A film like this has immense pull as a pre-destined hit; In an age of the dying concept of a “movie star,” it plucks its cast from the handful of box-office draws that remain; it’s complex, yet effects-driven in an era of juvenile cinema which sees mature audiences flocking to cable television for adult-oriented entertainment instead of their local theater. But, most of all, it’s a film that really knows how to be a movie without sacrificing its challenging soul—and that’s often more difficult to find for yourself than a casual trip to the moon.
Gravity unfolds with a small cast and a large scope, pitting astronauts Ryan Stone (Sandra Bullock) and Matt Kowalski (George Clooney) against a barrage of misfortunes. Their space shuttle is struck by rogue debris from a nearby satellite (we hear, only briefly, about the Russians shooting down their own satellite for reasons unknown), forcing them to trek the reaches of space for survival. The film could have divulged into gimmicky, spectacular formula and still managed to solidify itself as a hit. With two powerhouse actors in key roles, a glossy high-concept, and an established director of titillating cinema (Alfonso Cuaron, directing his first film since 2006’s similarly-brilliant Children of Men), Gravity could have easily devolved into a quick cash-cow driven by its 3D bells and whistles. Cuaron, however, dares to take a step beyond and challenge his audience, crafting a much more complex tale of human introspection showcasing pensive, powerful moments of a woman reclaiming a sense of self and balancing them with a dazzlingly-effective narrative metaphor.
The beauty of the film lies largely within its coherence; I don’t mean to praise a show-dog merely for making it to the show, but rather to stress the importance of studio productions that maintain basic structure, yet remain challenging enough that they can still be justified as stimulating staples of film culture in a complete, harmonious package with each part having a hand in the last. We get from A to B fairly simply, and Stone’s journey towards survival is, without giving anything away, a reaffirmation and appropriation of the false realities of a society conditioned to accept comfortable closure versus grim reflection. Does Gravity hold a mirror to society, make us uncomfortable in our chairs, and force us to think about the world around us? Absolutely not. Does it envelop us, expose itself, and force its audience to consider the character as complex beyond the binary of her survival or death? Absolutely. It’s a film rooted in style, form, content, and narrative all working meticulously and harmoniously off one another, with effect reverberating throughout the film.
Cinematographer Emmanuel Lubezki (long overdue for an Academy Award, which he’ll surely earn for this) crafts a visual space that encompasses the wide scope of an endless galaxy, yet manages minute details and camerawork that mimics Stone’s physical or emotional state at any given point. The camera is alive, the camera is complimentary, and the camera insists on doing more than merely showing us what’s happening. Lubezki ushers us inside, versus making the spectacle an intangible production of impossible fantasy.
Alas, what we have with Gravity in the character of Ryan Stone is a woman whose presence the script doesn’t seek to justify, though her contemporaries are often victims of just the opposite. She’s flawed, imperfect, and allowed to exist in a world women rarely are afforded in American films; one that isn’t revolved around her gender. It’s one of the film’s crowning achievements within an industry with a serious lack of substantial roles for women; there are little to no strings holding her into position. She isn’t interchangeable, and once we learn the story that built her, the film becomes more than a survival thriller—which Gravity can also work just fine as—and shifts into a collective visual metaphor for her spiritual and emotional rebirth. It’s rare for a commercial film to transcend one of its gimmicks; superhero films rarely shake their adapted identity, horror films swallow themselves whole, and the pretense of 3D or overt special effects often distracts from what ties everything together in the first place; story, character, and narrative, but Gravity exceeds those expectations (do we even have these as expectations for films anymore?) by astronomical bounds.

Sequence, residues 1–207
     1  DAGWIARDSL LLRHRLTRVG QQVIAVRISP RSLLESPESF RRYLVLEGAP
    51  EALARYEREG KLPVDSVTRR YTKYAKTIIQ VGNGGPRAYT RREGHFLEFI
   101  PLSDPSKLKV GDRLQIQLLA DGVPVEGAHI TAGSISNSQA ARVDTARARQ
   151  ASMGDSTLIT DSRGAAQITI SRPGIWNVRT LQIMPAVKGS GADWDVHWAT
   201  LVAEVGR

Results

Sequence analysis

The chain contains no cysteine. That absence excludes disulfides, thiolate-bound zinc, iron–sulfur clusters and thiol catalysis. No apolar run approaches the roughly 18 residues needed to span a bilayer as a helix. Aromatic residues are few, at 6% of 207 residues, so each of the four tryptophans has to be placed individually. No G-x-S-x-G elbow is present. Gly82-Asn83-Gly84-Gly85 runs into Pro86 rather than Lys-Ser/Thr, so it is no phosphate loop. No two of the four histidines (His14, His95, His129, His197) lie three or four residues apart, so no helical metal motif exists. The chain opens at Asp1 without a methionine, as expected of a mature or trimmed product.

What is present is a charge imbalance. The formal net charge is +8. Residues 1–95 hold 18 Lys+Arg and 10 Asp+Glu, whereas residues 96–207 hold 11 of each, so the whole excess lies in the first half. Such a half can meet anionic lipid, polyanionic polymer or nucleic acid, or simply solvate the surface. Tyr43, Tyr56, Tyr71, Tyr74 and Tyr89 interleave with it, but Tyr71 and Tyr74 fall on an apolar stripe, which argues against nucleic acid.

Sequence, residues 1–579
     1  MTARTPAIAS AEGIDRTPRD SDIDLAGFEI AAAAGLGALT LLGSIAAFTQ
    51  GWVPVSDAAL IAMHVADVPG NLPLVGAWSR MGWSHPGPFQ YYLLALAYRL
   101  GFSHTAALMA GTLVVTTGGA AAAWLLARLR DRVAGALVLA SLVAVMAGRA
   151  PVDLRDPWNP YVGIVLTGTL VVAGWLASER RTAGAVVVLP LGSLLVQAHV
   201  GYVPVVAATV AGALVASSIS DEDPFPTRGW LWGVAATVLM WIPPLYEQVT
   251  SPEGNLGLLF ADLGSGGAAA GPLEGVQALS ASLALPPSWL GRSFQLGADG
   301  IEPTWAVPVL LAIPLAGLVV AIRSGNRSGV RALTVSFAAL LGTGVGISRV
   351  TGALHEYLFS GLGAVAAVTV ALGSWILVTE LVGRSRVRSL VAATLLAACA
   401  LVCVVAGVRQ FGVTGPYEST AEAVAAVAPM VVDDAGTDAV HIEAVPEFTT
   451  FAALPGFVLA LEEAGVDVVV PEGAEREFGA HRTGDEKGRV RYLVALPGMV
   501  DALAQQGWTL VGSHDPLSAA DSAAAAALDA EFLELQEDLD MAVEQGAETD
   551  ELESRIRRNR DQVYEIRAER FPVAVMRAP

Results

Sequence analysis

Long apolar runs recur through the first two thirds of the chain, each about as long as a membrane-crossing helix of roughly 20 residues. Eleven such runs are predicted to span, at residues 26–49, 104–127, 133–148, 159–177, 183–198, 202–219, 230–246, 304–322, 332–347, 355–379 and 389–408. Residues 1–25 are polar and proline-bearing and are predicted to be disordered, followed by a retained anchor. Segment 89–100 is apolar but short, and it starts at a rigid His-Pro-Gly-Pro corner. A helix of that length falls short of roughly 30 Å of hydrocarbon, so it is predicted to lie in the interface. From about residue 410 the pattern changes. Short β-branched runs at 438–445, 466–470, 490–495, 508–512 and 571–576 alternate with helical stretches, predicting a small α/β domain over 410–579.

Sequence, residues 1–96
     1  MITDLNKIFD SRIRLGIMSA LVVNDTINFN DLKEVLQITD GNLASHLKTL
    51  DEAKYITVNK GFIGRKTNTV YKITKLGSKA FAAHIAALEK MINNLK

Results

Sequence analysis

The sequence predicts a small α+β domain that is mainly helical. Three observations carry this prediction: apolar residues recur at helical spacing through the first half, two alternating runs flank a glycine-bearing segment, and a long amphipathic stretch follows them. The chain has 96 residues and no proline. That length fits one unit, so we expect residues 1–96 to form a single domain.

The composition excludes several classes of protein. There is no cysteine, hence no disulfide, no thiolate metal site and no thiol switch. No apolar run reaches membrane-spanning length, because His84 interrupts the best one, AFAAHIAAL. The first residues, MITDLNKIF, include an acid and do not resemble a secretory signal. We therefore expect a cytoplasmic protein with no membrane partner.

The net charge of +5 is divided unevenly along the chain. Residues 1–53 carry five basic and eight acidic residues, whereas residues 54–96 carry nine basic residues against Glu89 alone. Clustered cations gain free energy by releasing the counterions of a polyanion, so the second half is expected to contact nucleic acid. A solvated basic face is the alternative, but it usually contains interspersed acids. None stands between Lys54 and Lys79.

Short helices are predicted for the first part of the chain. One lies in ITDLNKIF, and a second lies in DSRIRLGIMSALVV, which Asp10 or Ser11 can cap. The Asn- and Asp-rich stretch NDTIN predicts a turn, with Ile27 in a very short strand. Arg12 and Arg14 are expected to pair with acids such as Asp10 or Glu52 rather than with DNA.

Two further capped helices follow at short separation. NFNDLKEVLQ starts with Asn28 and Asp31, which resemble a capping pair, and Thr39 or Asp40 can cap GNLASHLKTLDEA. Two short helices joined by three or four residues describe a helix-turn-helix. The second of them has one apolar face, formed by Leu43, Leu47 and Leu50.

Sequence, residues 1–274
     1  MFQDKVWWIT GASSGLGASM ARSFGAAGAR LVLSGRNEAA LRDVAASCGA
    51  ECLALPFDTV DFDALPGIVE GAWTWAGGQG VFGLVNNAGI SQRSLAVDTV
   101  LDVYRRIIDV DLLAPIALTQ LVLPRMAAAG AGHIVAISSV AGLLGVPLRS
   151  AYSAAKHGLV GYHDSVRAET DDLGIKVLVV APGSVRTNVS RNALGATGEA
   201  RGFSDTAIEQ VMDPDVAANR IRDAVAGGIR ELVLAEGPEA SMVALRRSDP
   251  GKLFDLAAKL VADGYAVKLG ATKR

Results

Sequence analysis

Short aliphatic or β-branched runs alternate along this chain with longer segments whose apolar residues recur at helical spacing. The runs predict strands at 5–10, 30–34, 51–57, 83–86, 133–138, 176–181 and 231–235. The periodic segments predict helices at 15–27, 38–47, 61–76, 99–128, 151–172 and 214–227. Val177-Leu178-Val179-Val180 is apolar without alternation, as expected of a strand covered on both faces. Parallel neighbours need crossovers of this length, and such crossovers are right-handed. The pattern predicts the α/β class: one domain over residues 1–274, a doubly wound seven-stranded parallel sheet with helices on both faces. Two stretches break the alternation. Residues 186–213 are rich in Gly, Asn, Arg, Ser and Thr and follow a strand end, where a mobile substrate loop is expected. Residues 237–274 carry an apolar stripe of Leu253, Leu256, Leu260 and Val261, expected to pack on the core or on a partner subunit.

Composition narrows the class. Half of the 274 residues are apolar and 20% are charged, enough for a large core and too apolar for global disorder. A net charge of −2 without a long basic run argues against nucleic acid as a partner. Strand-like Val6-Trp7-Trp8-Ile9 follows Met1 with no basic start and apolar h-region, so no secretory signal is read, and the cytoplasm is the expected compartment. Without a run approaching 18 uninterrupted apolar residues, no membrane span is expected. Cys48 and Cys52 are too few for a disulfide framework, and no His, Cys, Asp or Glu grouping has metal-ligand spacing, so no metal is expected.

Gravity is a film that dramatically takes us along for a character’s transformation, never letting us up for air the entire time. It retains its roots as a fairly standard survival procedural, but effortlessly blankets us with the kind of storytelling that, since the 1970s, is simply hard to find in commercial movies.
Ultimately, Gravity is a feat of filmmaking about human feats of the spirit and physicality, at once a reminder of the pure escapist power of cinema, yet not relying on its fantastical construction to do the bulk of its heavy-hitting. It’s a mesmerizing journey into the magic of movies and the pure, unfiltered power of emotion we so often forget in the trainwreck that is the state of a misguided contemporary mainstream Hollywood that still panders to an audience of teenage boys. In its sweeping, momentous urgency of emotion, I recall films like Alien and 2001: A Space Odyssey when I think of Gravity, not simply because they’re all space-centric masterpieces, but because each shares an inclination for change amidst a sea of indifference. It’s interesting to see a film so similar yet so different take the reins of awards season by storm, and it’ll be even more interesting to see just how large the impact of Gravity will be when we’re still talking about it in 20 years.